Q3 of 2013 saw the first signs of a recovery in the UK, and with it a debate about the existence and prospects of so-called ‘zombie’ companies.
Believers claimed there were between 150,000 to 430,000 such companies in the UK as of mid-2013 – unable to create value and grow, yet somehow surviving thanks to banks’ forbearance and low interest rates. Doubters pointed to a massive shake-out of the UK’s weakest and most over-indebted businesses over the last few years, including a raft of ‘hidden’ insolvencies that were not reflected in national statistics. They warned against mistaking the ‘simply ill’ for the ‘living dead’.
As a more solid recovery emerged, some claimed the zombie menace had never truly existed, others that it was now a thing of the past – while others still warned of a string of tedious sequels. Or perhaps it was the practice of insolvency and resolution itself that was changing.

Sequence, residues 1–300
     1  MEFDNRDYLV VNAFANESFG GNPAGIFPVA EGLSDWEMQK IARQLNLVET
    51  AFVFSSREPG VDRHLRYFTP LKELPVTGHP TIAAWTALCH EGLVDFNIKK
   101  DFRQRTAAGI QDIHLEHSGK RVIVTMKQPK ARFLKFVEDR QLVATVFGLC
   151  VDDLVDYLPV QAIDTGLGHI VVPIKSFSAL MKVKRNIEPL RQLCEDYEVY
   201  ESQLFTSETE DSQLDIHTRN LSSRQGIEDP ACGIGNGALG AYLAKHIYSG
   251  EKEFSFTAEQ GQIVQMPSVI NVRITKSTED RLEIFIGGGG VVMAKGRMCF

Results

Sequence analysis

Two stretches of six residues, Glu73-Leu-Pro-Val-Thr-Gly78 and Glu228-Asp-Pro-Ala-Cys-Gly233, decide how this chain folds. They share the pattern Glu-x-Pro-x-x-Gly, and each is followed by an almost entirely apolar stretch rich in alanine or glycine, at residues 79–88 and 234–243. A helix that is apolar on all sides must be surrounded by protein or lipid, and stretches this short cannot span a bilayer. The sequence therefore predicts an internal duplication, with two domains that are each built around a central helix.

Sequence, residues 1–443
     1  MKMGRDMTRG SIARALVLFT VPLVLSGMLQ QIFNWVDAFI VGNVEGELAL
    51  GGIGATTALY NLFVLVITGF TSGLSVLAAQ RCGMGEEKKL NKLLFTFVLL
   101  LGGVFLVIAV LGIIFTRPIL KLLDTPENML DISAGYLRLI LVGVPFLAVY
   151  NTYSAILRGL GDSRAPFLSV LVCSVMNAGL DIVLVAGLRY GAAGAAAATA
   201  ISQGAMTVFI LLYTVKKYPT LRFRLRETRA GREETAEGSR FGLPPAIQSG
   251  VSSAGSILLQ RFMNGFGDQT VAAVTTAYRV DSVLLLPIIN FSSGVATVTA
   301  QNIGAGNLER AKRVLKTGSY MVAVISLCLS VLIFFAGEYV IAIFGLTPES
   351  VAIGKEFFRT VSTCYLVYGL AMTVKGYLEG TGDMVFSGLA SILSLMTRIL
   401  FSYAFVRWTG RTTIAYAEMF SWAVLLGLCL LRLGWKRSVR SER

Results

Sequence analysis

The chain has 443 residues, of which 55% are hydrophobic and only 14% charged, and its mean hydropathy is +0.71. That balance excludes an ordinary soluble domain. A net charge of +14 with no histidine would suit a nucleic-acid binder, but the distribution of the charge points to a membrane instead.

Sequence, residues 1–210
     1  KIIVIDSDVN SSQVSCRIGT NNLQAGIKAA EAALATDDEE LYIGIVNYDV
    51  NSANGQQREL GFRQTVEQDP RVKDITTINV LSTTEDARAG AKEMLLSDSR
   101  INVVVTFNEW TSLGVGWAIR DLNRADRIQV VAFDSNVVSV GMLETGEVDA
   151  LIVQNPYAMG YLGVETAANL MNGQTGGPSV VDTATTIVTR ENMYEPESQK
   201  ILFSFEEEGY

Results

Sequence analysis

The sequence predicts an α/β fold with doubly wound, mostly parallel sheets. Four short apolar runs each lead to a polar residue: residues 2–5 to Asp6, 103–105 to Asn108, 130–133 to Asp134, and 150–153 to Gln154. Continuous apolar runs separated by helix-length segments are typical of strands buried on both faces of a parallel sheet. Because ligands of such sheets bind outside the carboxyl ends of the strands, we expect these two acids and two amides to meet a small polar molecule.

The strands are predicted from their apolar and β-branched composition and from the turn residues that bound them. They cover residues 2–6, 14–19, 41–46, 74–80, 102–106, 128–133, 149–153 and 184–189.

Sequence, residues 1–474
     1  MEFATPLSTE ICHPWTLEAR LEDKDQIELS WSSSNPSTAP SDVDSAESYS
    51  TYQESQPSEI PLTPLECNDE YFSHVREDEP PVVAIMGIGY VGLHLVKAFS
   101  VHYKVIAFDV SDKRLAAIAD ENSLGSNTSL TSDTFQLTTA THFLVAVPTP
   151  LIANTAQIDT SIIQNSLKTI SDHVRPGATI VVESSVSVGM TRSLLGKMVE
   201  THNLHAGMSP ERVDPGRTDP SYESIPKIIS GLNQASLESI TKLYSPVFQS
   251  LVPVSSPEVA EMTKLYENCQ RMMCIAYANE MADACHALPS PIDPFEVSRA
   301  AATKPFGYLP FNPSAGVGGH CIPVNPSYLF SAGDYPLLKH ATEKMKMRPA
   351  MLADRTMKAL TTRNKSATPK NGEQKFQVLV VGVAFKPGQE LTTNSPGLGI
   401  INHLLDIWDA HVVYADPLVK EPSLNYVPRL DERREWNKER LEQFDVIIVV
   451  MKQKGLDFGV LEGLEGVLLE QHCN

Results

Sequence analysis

To help separate fact from fiction, ACCA invited a group economists, bankers, representatives of credit rating agencies and turnaround professionals to a debate that we felt was long-overdue. The debate, which took place in London in the evening of 19 November 2013, explored the definitions, the demographics, the economics and the turnaround prospects of the UK’s supposed ‘zombie’ companies, but also the unseen side of the recovery: the health of UK banks, the skills of entrepreneurs, managers and advisers, and the ability of the UK economy to allocate resources.